Cardiac signs and symptoms of ICI-related cardiotoxicity vary from asymptomatic to sudden death (10–17, 51) and lack specificity. Sometimes cardiac irAE is accompanied by other organ irAEs, especially those in skeletal muscles (11, 13).
Currently, patients who are likely to develop cardiac irAEs cannot be identified before ICI therapy. Therefore, early detection of ICI-related myocarditis is thought to be important for improved management. Mahmood et al. (44) showed that measuring troponin levels at baseline and at each cycle of ICI treatment may be useful for surveillance because this parameter was abnormal in 94% of ICI-myocarditis patients at clinical presentation. In contrast, Sarocchi et al. (52) measured troponin levels at each nivolumab administration in 59 patients and found an elevation in only six patients, none of whom developed overt cardiac irAEs. These researchers mentioned possible reasons for a “false positive” elevation of troponin, including it being a consequence of myocardial oxygen demand-supply mismatch due to aggravation of the clinical status or the presence of subclinical ICI-induced myocarditis. An elevation of troponin indicates the presence of, but not the underlying reason for, myocardial injury. Therefore, myocarditis or other myocardial damage should be considered in cases presenting with elevated troponin, and these patients should be referred immediately to cardiologists/onco-cardiologists for further evaluation (44). Mahmood et al. (44) also reported abnormal electrocardiograms in 89% of ICI-related myocarditis patients. In contrast, NT-ProBNP was abnormal in 66%, and the left ventricular ejection fraction (LVEF) was abnormal in only 49% of these patients. Thus, NT-proBNP or LVEF may be less useful for early diagnosis of cardiac irAEs than troponin or ECG. Information on the utility of hsCRP as an early biomarker of cardiac irAEs is lacking.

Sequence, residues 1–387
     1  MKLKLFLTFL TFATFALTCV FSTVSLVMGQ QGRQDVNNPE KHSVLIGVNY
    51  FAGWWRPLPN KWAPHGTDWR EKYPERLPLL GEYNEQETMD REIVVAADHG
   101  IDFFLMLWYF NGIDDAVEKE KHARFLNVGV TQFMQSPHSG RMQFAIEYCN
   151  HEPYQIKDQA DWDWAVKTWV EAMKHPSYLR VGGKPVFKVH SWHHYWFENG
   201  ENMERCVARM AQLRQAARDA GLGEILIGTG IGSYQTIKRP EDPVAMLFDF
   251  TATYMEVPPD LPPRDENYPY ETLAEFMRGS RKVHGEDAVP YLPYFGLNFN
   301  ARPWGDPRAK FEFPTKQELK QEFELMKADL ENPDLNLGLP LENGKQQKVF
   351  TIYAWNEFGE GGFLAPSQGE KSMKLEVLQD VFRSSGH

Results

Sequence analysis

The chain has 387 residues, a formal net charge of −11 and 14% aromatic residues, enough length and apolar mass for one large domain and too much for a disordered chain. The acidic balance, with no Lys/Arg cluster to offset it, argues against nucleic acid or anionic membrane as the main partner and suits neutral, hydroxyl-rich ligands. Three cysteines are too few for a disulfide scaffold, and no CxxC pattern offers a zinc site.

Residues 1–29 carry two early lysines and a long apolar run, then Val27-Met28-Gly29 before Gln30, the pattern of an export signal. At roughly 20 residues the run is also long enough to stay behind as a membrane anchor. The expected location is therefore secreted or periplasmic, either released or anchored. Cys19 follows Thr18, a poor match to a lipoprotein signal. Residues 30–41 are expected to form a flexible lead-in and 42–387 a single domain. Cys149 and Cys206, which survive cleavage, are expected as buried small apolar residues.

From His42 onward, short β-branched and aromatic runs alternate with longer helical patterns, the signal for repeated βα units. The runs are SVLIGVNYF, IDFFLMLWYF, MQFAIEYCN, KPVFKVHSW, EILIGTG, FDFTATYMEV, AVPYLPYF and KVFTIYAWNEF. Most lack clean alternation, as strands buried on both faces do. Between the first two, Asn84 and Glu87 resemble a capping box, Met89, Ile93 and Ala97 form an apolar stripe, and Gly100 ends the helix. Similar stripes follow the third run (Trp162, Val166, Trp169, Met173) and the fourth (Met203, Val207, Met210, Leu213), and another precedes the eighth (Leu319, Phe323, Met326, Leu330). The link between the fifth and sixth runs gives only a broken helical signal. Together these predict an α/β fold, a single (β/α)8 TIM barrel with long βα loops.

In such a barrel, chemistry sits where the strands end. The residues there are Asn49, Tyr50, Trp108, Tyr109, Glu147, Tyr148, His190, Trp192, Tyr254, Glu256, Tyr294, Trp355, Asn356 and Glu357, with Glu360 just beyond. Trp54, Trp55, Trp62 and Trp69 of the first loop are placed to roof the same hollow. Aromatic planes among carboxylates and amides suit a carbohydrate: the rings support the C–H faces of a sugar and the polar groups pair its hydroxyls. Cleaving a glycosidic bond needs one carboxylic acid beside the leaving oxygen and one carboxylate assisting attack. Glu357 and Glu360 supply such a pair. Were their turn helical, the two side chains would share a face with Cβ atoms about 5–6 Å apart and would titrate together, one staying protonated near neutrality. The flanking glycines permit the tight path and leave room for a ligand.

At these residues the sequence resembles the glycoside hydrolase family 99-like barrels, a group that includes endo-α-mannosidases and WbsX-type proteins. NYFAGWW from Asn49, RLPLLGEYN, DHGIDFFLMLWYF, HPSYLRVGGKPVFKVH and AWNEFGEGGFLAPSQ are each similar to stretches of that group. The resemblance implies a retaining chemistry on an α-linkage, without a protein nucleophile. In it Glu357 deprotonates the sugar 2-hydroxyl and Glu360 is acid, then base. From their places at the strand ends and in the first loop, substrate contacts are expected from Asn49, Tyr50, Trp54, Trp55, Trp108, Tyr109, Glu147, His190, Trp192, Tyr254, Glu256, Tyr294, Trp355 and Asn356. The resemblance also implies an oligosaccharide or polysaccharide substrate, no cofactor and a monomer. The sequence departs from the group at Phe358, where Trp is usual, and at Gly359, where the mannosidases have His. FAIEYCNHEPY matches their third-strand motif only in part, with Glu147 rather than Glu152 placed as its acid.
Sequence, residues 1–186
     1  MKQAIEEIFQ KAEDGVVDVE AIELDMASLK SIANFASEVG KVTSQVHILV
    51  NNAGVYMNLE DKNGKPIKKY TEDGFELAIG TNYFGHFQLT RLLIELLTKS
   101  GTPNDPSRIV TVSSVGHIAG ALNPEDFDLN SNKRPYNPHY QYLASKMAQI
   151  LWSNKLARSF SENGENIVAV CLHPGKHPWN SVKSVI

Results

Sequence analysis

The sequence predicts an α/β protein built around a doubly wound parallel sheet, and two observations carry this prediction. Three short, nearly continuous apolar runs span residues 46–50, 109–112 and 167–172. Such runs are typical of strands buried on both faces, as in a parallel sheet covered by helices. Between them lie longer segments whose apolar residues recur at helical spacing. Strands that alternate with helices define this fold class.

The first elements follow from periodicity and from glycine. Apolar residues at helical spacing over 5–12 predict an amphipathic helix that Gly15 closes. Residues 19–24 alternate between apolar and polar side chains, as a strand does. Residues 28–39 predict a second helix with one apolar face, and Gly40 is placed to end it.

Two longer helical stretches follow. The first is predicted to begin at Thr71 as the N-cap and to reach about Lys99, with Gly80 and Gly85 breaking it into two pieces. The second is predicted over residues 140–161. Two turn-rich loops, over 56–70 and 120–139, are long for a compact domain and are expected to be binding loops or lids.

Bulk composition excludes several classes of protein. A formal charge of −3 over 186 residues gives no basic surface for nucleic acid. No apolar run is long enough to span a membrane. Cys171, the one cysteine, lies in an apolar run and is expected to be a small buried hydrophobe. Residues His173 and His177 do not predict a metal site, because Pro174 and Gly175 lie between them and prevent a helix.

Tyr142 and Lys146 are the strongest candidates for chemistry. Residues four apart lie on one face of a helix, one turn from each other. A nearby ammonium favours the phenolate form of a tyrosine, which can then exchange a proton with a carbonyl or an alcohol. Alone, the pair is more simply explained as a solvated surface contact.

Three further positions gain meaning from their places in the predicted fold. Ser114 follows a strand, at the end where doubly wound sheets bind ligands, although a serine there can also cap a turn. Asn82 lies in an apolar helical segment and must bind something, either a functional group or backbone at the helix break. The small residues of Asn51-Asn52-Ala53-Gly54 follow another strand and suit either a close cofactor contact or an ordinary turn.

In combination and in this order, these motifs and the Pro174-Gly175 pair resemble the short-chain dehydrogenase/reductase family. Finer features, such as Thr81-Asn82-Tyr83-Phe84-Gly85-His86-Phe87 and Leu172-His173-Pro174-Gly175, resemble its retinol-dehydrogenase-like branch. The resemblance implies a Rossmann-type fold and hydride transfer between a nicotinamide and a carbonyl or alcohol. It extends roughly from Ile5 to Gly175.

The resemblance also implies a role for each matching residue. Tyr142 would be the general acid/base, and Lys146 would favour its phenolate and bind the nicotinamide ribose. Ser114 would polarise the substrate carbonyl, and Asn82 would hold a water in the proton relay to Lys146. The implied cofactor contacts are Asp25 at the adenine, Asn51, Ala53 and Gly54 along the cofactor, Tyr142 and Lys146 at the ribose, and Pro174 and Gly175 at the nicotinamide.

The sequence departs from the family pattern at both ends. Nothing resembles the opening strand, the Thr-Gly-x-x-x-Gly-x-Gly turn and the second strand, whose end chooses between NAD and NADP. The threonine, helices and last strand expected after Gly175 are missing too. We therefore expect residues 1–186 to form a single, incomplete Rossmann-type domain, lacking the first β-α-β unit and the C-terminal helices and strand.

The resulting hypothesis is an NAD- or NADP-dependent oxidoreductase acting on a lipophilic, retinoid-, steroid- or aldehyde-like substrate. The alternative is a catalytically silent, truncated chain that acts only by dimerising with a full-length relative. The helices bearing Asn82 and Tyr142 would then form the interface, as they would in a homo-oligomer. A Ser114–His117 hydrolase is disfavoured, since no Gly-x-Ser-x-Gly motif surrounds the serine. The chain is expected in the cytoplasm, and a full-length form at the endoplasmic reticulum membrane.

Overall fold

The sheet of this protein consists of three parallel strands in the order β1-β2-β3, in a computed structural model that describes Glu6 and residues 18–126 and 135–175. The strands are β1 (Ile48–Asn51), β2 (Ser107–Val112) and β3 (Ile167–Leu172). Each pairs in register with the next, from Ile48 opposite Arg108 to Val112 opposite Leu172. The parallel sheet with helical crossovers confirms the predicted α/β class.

Pharmacovigilance data show that the mortality of ICI-associated myocarditis exceeded 60% in patients receiving ipilimumab-nivolumab combination therapy (13). Mahmood et al. (44) reported that nearly half of all myocarditis cases developed a major adverse cardiac event (a combination of cardiovascular death, cardiac arrest, cardiogenic shock, and hemodynamically significant complete heart block). Escudier et al. (49) reported after a medical record review of 30 ICI-related cardiotoxicity patients that eight (27%) died of cardiovascular complications. They also reported that cardiovascular mortality was significantly associated with conduction abnormalities and ipilimumab-nivolumab combination therapy (49).
Currently, there are no guidelines for the treatment of cardiac irAEs. Steroids have been used to treat cardiac irAEs in most cases (11, 13–16, 44, 45). For steroid non-responders, other immunosuppressive agents, high-dose intravenous immunoglobulin therapy, plasmapheresis, and immunoadsorption therapy have been used (45, 53).